By Dennis Hartley
(Originally posted on Digby’s Hullabaloo on November 26, 2011)
In the course of (what passes for) my “career” as a movie critic, I have avowed to avoid the trite phrase “heartwarming family film”. Well, so much for principles. The Descendants is a heartwarming family film. There, I said it. Now, let me qualify that. Since it is directed by Alexander Payne (Citizen Ruth, Election, About Schmidt, Sideways) it is a heartwarming family film riddled with dysfunction and middle-aged angst (which is how I prefer my heartwarming family films, thank you very much). Think of it as Terms of Endearment goes Hawaiian.
Despite the lush and verdant setting, Payne wastes no time hinting that there is trouble in Paradise. People who live in Hawaii get cancer, feel pain and encounter their own fair share of potholes as they caterwaul down the road of life, like anyone else. That is the gist of an internal monologue, delivered by Matt King (George Clooney), as he holds vigil in an ICU, where his wife (Patricia Hastie) lies in a coma, gravely injured from a water-skiing mishap. As he contemplates the maze of IV tubes and such keeping his wife alive, Matt, like anyone staring into the Abyss, begins taking inventory of his life up to now.
After all, what family doesn’t have its ups and downs? On the “up” side, Matt is financially set for life, as an heir to and executor for a sizable chunk of prime, undeveloped land on Kauai, held in a family trust (thanks to genuine Hawaiian royalty buried in the woodpile a ways back). On the “down” side, his workaholic nature has precipitated emotional distance from his wife and two daughters. His 17-year old, the sullen and combative Alexandra (Shailene Woodley) is at boarding school; and precocious 10-year old Scottie (Amara Miller) is in hot water for antics like cyber-bullying a classmate, and bringing disturbing photos of her comatose mother to school.
In the past, Matt’s wife has served as the buffer between him and the day-to-day daughterly drama, but now that she is incapacitated, it’s all landed in his lap. He may be a respected pillar of the community, but now finds himself akin to the proverbial deer in the headlights. After awkwardly putting out Scottie’s fires, Matt decides that he will need to enlist the assistance of her older sister for riot control.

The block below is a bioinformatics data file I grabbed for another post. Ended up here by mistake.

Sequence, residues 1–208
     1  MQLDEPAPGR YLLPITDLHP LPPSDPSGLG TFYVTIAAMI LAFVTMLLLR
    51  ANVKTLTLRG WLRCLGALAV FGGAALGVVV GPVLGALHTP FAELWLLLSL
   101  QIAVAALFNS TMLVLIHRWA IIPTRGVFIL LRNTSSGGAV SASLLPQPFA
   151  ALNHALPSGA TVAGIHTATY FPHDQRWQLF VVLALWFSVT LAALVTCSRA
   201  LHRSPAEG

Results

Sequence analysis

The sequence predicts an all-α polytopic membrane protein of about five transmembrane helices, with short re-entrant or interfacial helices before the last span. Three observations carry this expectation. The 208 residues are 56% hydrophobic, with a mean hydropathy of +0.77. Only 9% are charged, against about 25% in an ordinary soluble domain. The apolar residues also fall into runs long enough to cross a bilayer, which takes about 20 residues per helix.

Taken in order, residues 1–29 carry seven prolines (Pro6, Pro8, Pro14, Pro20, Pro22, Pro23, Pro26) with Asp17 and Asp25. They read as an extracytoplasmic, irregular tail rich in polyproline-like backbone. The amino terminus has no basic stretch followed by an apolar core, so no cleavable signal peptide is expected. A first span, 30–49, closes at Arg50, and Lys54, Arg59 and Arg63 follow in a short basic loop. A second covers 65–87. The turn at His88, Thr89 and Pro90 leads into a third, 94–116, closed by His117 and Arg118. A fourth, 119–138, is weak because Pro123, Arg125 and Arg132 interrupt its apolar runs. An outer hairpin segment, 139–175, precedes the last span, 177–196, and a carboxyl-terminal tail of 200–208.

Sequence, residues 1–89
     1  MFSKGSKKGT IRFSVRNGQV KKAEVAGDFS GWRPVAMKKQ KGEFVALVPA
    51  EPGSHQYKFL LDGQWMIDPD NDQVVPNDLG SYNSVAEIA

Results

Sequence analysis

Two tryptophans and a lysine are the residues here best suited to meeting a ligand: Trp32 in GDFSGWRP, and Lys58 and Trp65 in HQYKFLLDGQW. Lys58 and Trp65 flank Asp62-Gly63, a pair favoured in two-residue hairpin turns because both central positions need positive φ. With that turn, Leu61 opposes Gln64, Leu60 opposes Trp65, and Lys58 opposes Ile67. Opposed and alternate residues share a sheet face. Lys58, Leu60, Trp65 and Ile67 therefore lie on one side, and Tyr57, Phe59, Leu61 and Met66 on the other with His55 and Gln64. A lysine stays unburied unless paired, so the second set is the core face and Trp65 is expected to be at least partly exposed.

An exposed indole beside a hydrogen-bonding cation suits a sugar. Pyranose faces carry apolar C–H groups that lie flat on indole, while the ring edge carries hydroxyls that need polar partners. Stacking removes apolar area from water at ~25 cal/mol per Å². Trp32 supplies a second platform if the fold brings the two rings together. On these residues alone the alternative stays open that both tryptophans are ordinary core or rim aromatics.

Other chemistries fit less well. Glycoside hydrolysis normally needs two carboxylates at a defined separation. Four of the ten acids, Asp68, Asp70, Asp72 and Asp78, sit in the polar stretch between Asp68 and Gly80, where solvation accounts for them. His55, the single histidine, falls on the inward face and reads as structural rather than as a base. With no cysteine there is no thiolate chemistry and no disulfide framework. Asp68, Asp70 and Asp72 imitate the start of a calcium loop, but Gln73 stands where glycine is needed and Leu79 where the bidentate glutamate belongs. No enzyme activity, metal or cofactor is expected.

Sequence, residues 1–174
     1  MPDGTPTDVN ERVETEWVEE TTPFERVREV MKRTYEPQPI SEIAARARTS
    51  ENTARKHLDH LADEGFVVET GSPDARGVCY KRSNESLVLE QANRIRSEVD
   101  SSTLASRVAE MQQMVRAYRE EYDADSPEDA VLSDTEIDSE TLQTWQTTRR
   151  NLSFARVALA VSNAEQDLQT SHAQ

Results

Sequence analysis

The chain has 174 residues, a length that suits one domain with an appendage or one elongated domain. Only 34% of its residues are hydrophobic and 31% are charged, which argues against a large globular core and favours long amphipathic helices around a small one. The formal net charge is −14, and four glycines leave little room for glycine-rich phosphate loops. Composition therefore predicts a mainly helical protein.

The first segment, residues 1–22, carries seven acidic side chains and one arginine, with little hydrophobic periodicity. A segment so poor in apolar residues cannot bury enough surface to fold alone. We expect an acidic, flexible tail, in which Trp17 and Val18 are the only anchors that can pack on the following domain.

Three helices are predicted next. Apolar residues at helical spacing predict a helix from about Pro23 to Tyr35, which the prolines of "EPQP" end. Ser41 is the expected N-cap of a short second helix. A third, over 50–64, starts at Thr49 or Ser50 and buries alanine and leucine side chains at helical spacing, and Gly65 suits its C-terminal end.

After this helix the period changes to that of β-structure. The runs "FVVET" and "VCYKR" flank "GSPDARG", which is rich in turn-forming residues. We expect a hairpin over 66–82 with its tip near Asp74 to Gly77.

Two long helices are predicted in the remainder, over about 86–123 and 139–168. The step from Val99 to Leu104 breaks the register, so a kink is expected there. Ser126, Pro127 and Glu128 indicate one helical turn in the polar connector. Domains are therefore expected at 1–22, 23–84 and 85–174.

Besides, he figures it would be best to keep both of his girls close by, should the worst happen. As if this weren’t enough on his plate, Matt is also up against a pending deadline to sell the family’s land to a real estate developer. He is being egged on by a sizable coterie of cousins who (a couple anti-development dissenters aside) are eager to milk this potential cash cow for all its worth.
Then, the bombshell lands. The bombardiers are his daughters, who let it slip that, completely unbeknownst to Dad, Mom had been getting a little action on the side with a younger man (Matthew Lillard). And he’s a real estate agent, no less (shades of American Beauty). Poor Matt. He’s no sooner steeled himself for the looming possibility of becoming a grieving widower who must stay strong for his kids, but instead finds himself cast as a blindsided cuckold.
Flummoxed, Matt demands confirmation from his wife’s friends, who fess up. Although he has no real idea what he wants to say (or do) to him, Matt nonetheless decides that he must track down his wife’s lover (it’s a guy thing). With Scottie, Alexandra and her boyfriend (Nick Krause) in tow, he embarks on the patented Alexander Payne Road Trip, which in this case involves hopping a quick flight to Kauai.
While the setup may feel somewhat familiar (like the aforementioned American Beauty meets Little Miss Sunshine), or even rote, in Payne’s hands it is anything but. Yes, on one level it’s another soaper about a middle-aged male heading for a meltdown, but every time you think you’ve got it sussed, Payne keeps pitching curve balls.
His script (which he co-adapted with Nat Faxon and Jim Rash, from the novel by Kaui Hart Hemmings) consistently hits the sweet spot between comedy and drama, giving us characters who, in spite of (or perhaps, due to) their contradictions and flaws, are people to whom we can all easily relate to. The film also showcases Clooney’s best work in years; it’s the closest he has come thus far to proving that he may indeed be this generation’s Cary Grant, after all.
This is one of the first knockouts on the autumn release calendar, and one of the best films I’ve seen this year. There are many reasons to recommend it, not the least of which is a bevy of fine performances from the entire cast. Lillard shows surprising depth, and it’s a hoot to watch veteran character actors like Robert Forster and Beau Bridges doing that voodoo that they do so well. I also like the way Payne subtly utilizes the Hawaiian landscapes like another character in the story, much in the same manner he employed the California wine country milieu in Sideways. After all, it is only when human beings are set against the simple perfection of an orchid (or a grape) that we are truly exposed as the silly, needlessly self-absorbed and ultimately inconsequential creatures that we really are.